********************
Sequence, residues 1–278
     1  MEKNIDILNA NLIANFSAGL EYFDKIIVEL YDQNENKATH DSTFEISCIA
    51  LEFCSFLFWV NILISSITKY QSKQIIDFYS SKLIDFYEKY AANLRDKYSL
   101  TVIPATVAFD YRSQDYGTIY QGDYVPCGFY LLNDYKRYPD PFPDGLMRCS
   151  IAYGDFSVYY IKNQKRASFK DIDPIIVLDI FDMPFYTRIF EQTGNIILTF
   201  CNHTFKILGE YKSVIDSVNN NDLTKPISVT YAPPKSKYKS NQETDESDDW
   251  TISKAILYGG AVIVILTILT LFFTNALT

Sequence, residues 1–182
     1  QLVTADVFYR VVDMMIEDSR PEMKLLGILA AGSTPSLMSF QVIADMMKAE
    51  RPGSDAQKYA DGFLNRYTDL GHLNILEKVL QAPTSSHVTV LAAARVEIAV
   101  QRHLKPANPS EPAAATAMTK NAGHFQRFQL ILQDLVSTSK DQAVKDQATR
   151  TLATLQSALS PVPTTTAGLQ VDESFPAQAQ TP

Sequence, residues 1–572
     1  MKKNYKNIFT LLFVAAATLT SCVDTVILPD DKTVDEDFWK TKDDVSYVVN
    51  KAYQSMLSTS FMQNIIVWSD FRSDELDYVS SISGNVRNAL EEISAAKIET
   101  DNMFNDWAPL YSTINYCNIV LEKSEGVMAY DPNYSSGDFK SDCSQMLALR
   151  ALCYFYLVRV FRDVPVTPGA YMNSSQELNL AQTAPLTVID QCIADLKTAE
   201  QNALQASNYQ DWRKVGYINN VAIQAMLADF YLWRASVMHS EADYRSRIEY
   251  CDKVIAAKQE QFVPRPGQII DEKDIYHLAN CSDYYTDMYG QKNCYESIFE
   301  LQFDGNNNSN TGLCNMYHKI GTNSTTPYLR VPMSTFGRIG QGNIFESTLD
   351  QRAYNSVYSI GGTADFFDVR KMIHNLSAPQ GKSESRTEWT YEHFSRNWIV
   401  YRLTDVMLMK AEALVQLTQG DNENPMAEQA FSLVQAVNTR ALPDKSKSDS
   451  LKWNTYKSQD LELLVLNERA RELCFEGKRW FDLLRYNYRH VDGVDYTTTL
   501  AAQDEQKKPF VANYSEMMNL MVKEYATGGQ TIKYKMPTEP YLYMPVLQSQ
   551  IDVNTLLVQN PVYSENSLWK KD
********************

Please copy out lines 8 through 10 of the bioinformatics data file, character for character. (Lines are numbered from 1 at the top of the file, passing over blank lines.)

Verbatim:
Sequence, residues 1–182
     1  QLVTADVFYR VVDMMIEDSR PEMKLLGILA AGSTPSLMSF QVIADMMKAE
    51  RPGSDAQKYA DGFLNRYTDL GHLNILEKVL QAPTSSHVTV LAAARVEIAV